Local culture can provide great insight into climate-appropriate solutions. Traditional buildings in developing countries are typically built of local materials and reflect cultural traditions of the nativepeople. For example, the Mongolian Ger (or yurt), the Hawaiian Hale, and the South African Lapa all embody simple sustainable design principles. The Ger is portable, seasonably adjustable, and uses animal products in its construction. It reflects the Mongolian’s nomadic lifestyle driven by its strong reliance on grazing livestock in an environment with wide temperature fluctuations. The Hale is permanently fixed in lava rock, anchored to its place, open-air, and constructed of wood and thatch. It reflects the native Hawaiian’s strong connection to place, availability of construction materials, an inherent respect for the land, and nearly uniform temperatures. These traditional structures suggest a simple, time-tested response to the environment. However, they now demand a greater comfort range from the inhabitants.
With this in mind, a balance between old and new is necessary. The successful design of modern, sustainable buildings requires an intimate knowledge of local building traditions, the local climate, and a history of the area. Successful designs also use modern design tools to study the interaction of buildings and the environment. Computer fluid dynamic modeling, for example, can shape a naturally ventilated building with hard physics (instead of relying on hunches and intuition). The computational analyses can also address carbon-dioxide emissions, water consumption, waste generation, lighting levels as influenced by daylight, wind speed, and the impact of the microclimate.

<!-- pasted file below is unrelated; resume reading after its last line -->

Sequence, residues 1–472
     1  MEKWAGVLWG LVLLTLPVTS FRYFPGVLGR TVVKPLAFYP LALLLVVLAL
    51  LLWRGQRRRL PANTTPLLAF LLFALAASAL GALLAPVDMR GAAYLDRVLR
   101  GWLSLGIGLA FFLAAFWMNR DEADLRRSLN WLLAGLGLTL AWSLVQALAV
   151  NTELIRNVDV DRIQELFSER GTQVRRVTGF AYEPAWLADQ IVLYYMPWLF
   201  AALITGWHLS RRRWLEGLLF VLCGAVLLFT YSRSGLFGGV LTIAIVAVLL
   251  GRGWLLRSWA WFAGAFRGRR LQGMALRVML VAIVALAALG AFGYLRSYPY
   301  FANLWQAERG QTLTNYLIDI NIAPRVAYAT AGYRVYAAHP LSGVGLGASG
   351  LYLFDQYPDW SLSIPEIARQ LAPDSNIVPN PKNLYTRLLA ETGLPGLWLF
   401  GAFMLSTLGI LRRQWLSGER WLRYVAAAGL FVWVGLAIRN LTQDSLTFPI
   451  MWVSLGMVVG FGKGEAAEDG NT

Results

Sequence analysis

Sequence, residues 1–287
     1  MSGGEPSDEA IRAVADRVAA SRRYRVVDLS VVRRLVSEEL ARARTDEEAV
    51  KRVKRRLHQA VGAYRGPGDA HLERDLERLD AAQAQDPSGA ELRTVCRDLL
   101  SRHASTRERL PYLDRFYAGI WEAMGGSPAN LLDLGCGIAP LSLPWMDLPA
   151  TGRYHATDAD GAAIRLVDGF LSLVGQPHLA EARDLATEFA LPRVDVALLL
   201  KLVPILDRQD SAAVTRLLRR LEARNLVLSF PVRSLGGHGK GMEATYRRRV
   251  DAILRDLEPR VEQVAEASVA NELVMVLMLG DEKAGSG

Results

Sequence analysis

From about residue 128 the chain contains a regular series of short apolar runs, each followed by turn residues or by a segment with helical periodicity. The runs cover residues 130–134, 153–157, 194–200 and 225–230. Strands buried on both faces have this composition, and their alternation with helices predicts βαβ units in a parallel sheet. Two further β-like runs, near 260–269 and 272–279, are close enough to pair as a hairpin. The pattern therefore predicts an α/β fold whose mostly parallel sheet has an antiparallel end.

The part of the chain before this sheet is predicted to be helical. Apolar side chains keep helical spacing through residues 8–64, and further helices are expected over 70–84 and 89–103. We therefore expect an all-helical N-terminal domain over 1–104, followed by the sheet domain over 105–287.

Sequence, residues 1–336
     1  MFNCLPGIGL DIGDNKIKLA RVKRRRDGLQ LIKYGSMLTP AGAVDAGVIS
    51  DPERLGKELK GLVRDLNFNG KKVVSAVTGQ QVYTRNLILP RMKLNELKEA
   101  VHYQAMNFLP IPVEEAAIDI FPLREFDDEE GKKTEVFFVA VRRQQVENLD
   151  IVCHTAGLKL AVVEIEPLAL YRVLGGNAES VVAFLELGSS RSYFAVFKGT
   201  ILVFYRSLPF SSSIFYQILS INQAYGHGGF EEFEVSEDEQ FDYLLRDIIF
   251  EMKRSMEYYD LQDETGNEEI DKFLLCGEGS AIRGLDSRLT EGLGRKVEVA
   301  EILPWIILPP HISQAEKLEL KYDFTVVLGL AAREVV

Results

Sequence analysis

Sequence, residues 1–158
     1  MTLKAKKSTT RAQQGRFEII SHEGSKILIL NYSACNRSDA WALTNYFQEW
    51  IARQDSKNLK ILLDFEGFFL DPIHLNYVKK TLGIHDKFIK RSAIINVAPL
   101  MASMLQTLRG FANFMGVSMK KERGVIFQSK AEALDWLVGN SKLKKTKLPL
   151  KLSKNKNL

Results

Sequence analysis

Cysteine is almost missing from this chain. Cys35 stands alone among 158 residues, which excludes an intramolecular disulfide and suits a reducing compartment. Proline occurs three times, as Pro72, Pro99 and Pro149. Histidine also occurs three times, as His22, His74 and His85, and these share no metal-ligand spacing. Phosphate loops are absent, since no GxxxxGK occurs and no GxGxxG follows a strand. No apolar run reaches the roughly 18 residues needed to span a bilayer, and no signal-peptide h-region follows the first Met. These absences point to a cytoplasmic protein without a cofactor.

Some of our recently completed buildings in Africa and Asia employ the strategies of traditional structures with modern design tools to create simple, self-sufficient and sustainable buildings. These include:
New Classroom Building, International College, Beirut
Municipal infrastructure in the developing world tends to be insufficient and unreliable. Rolling power outages are common, and water must be purified on-site to be potable. For this reason, building owners seek to reduce their dependence on municipal infrastructures. The new 18,000-square-meter classroom building at International College (IC), is the first LEED Gold-certified building in Lebanon and minimizes its demand on Beirut’s struggling infrastructure. Sun shading is used to reduce solar gain while providing ample views of IC’s lush campus and daylighting for the classrooms. Water collection and a graywater system reduce dependence on the cities water supply. The roof structure is designed to accept photovoltaic panels, should subsidies for electrical power end or costs for fuel for emergency generators rise. The design team used computer modeling to study the benefits of sun shading, daylighting, water collection, and energy consumption.